Rhabdomyosarcoma Clinical Trial


What is rhabdomyosarcoma?

Rhabdomyosarcoma is a cancerous tumor that originates in the soft tissues of the body, including the muscles, tendons, and connective tissues. The most common sites for this tumor to be found include the head, neck, bladder, vagina, arms, legs, and trunk. Rhabdomyosarcoma can also be found in places where skeletal muscles are absent or very small, such as in the prostate, middle ear, and bile duct system. The cancer cells associated with this disease can spread (metastasize) to other areas of the body.

Embryonal rhabdomyosarcoma, the most common type, usually occurs in children under 6 years of age. Alveolar rhabdomyosarcoma occurs in older children and is less common.

Rhabdomyosarcoma accounts for about 3 percent of childhood cancers. In the U.S., about 350 children are diagnosed with rhabdomyosarcoma each year. This disease mostly affects children under the age of 10, but can occur at any age. For unknown reasons, males are affected slightly more often than females.

Prevention & Risk Assessment

What causes rhabdomyosarcoma?

It is believed that some rhabdomyosarcoma tumors begin developing in the fetus. Rhabdomyoblasts are the cells at the initial stages of development of an unborn baby. These cells will mature and develop into muscles. There has been much research into the gene structure of these rhabdomyoblasts and possible detection of a gene error that can produce the disease later in development.

Rhabdomyosarcomas usually have some type of chromosome abnormality in the cells of the tumor, which are responsible for the tumor formation. In children with an embryonal rhabdomyosarcoma, there is usually an abnormality of chromosome 11. In alveolar rhabdomyosarcoma, a rearrangement in the chromosome material between chromosomes 2 and 13 is usually present. This rearrangement changes the position and function of genes, causing a fusion of genes referred to as a fusion transcript. Patients have an abnormal fusion transcript involving two genes known as PAX3 and FKHR. This important discovery has led to improvements in diagnosing rhabdomyosarcoma.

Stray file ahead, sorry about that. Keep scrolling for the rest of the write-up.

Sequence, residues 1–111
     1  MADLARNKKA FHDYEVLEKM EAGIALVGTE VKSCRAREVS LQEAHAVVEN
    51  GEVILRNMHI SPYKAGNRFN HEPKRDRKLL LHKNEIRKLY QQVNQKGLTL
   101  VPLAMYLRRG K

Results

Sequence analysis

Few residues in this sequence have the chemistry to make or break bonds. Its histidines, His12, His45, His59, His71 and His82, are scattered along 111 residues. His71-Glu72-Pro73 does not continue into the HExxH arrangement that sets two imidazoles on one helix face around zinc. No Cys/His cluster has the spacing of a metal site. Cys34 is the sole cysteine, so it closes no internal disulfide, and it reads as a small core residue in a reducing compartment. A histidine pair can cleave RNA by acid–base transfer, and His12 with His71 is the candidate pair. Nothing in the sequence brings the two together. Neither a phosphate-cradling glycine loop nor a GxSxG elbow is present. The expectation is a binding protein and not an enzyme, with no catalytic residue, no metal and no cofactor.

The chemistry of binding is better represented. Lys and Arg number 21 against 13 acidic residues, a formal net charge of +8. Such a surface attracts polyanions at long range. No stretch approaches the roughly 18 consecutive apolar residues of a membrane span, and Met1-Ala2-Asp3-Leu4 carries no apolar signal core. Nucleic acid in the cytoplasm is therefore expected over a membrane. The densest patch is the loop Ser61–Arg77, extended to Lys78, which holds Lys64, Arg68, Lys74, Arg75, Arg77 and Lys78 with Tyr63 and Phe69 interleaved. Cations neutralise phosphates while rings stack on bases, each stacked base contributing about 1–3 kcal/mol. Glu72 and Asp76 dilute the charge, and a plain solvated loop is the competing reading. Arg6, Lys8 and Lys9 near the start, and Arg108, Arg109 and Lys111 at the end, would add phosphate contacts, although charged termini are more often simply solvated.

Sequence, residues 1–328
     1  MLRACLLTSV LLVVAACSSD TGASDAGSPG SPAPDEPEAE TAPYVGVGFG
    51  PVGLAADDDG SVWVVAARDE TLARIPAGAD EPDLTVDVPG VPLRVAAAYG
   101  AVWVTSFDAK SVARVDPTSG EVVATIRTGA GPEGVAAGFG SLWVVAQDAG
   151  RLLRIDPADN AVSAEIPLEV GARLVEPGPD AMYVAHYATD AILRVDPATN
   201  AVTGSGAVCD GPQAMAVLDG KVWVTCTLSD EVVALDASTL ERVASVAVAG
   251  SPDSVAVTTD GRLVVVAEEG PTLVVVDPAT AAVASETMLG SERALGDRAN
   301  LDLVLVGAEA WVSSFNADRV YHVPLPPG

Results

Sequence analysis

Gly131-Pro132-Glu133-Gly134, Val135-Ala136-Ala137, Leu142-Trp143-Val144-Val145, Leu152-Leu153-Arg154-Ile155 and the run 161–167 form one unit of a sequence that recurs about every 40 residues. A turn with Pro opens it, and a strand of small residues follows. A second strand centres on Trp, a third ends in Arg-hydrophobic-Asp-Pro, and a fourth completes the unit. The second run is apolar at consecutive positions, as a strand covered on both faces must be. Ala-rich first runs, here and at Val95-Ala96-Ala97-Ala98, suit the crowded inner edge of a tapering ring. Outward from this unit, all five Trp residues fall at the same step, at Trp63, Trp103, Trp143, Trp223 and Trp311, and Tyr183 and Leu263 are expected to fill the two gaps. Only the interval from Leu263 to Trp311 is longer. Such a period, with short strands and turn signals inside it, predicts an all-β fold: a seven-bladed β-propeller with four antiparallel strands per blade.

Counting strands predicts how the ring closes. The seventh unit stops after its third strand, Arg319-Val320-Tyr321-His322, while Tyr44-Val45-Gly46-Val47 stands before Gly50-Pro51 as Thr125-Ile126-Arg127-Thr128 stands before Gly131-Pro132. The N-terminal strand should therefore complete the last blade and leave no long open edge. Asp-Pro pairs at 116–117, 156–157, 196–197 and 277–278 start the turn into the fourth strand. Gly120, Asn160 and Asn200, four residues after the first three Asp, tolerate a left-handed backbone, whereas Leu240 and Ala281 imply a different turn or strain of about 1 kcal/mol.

Rhabdomyosarcomas are also more common in children with neurofibromatosis or Li-Fraumeni syndrome, which are genetic disorders. Li-Fraumeni syndrome is a clustering of soft tissue and other cancers in a family caused by mutations in a tumor suppressor gene called p53, which results in uncontrolled cell growth.

There has been no association between rhabdomyosarcoma and environmental exposures.

What are the symptoms of rhabdomyosarcoma?

The following are the most common symptoms of rhabdomyosarcoma. However, each child may experience symptoms differently. Many symptoms depend on the size and the location of the tumor. Symptoms may not be present until the tumor is very large, especially if it is located deep in the muscle or in the stomach. Symptoms may include:

  • A tumor or mass that can be seen or felt (may or may not be painful)
  • Bleeding from the nose, vagina, rectum, or throat (may occur if the location of the tumor is in these areas)
  • Tingling, numbness, pain, and movement may be affected if the tumor compresses nerves in the area
  • Protrusion of the eye or a drooping eyelid (may indicate a tumor behind the eye)

The symptoms of rhabdomyosarcoma may resemble other conditions or medical problems. Always consult your child’s doctor for a diagnosis.

  • Clinical Trial Coordinator
    • Ann Liew, MS, CCRP
    • aliew@childrensnational.org | 202-476-2021
  • Principal Investigator
    • AeRang Kim, MD, PhD
    • aekim@Childrensnational.org | 202-476-2800